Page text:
The Archaeological Resources Protection Act, other federal legislation, and the protection of cultural resources in the United States
AuthorMartin, Daniel Gordon, 1963-
KeywordsArchaeology -- Law and legislation -- United States.
Cultural property -- Protection -- Law and legislation -- United States.
Historic sites -- Law and legislation -- United States.
AdvisorOlsen, John W.
MetadataShow full item record
PublisherThe University of Arizona.
RightsCopyright © is held by the author. Digital access to this material is made possible by the University Libraries, University of Arizona. Further transmission, reproduction or presentation (such as public display or performance) of protected items is prohibited except with permission of the author.
AbstractWithin the past 100 years, the protection of archaeological and other cultural resources have fallen in part under federal jurisdiction. The role of federal legislation and regulations, with particular emphasis on the Archaeological Resources Protection Act of 1979 (ARPA), is evaluated in terms of guidelines, application, and effectiveness. A history of federal legislation is presented, followed by an in-depth review and analysis of ARPA. The relevance and applicability of ARPA and other legislation is reviewed in terms of resource significance, definitions of archaeological material, logistics of law enforcement, and prosecution of violators. A case review is presented and analyzed. The roles of public archaeology and future legislation are discussed as they apply to continued efforts toward preservation of cultural resources.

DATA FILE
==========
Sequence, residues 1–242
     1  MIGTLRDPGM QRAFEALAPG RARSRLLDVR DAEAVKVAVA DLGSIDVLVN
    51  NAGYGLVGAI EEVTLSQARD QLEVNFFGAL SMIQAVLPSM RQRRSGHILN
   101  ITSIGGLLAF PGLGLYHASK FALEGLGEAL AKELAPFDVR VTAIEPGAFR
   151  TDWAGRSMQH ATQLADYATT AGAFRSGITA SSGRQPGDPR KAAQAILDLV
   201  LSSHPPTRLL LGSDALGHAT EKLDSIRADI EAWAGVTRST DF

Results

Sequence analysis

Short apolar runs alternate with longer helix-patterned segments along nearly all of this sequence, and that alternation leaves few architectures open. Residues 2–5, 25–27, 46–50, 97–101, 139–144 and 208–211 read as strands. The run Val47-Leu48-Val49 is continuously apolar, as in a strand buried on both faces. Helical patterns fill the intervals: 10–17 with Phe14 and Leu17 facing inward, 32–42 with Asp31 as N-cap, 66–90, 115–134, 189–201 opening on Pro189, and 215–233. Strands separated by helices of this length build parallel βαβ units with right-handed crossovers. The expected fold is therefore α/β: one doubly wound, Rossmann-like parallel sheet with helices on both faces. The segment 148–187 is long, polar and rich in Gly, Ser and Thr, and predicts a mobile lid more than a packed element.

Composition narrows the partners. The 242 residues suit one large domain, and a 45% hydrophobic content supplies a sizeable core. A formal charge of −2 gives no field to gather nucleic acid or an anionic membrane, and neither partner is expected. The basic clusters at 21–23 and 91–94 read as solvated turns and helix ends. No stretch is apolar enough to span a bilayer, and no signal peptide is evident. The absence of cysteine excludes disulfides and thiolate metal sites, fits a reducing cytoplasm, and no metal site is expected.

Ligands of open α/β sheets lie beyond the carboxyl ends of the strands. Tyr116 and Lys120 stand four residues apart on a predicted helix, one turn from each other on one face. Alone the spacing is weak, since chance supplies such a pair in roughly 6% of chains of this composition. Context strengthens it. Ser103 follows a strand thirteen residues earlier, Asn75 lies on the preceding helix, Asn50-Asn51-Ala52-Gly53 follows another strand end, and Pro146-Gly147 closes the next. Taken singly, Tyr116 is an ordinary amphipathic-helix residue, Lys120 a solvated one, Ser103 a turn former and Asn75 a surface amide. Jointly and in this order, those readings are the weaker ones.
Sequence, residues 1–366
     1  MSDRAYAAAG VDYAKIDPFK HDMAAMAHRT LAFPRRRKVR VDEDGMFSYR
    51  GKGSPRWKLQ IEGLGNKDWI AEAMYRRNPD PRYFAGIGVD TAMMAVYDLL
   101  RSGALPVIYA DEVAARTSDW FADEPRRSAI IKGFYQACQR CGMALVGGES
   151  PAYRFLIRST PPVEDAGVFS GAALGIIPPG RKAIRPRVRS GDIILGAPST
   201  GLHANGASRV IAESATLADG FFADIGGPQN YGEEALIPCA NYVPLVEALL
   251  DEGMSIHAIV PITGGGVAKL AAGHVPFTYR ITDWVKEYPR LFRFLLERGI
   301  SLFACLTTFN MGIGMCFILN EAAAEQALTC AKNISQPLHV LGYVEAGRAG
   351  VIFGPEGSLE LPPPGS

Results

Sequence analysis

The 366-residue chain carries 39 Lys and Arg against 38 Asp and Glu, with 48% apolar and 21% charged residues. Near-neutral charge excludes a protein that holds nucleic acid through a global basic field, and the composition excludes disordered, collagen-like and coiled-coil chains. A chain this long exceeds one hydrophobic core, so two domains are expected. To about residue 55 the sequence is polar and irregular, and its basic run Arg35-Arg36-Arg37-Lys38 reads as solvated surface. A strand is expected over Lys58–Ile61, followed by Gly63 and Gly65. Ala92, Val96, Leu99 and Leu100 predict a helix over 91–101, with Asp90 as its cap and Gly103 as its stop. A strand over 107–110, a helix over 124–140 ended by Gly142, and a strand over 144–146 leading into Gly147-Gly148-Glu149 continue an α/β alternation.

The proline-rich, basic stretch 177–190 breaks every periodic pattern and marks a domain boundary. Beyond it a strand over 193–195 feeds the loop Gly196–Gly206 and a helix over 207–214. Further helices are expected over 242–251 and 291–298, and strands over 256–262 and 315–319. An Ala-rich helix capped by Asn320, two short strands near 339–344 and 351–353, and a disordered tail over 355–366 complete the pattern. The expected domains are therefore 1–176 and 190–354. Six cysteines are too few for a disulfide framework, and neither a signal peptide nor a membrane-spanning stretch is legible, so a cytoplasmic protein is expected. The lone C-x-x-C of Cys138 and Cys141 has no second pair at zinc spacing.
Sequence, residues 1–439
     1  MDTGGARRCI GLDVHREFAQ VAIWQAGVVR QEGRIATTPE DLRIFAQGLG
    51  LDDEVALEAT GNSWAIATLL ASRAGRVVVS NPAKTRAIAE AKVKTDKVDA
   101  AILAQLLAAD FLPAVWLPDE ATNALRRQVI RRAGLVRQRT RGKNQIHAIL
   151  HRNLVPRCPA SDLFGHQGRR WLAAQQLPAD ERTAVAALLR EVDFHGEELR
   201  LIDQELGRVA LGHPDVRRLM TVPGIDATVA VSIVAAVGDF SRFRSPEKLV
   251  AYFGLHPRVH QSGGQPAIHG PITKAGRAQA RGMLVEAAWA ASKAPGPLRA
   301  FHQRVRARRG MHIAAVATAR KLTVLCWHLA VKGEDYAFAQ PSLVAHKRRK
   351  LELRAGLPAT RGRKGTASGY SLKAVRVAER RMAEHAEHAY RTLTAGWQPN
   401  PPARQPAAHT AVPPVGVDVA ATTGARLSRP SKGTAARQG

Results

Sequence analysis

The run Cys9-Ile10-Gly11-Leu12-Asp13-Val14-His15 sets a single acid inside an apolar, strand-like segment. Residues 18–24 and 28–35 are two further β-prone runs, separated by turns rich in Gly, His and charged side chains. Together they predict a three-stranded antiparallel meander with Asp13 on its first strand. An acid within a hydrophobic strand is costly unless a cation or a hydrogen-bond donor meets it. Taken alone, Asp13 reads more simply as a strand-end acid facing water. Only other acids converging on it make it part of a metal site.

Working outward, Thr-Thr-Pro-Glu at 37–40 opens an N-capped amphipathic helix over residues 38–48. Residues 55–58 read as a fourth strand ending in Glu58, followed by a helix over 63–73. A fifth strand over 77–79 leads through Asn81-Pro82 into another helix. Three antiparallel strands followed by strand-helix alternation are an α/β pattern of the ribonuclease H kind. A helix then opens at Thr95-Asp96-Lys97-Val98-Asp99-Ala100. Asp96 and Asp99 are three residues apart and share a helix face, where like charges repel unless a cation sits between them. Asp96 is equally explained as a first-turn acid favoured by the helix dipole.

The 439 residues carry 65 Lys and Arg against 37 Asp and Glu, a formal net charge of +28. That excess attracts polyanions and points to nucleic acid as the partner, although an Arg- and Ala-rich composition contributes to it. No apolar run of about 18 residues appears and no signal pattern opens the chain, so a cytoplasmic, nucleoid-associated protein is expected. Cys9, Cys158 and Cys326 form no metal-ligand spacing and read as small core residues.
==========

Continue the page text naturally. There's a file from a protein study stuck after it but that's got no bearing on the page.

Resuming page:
Degree ProgramGraduate College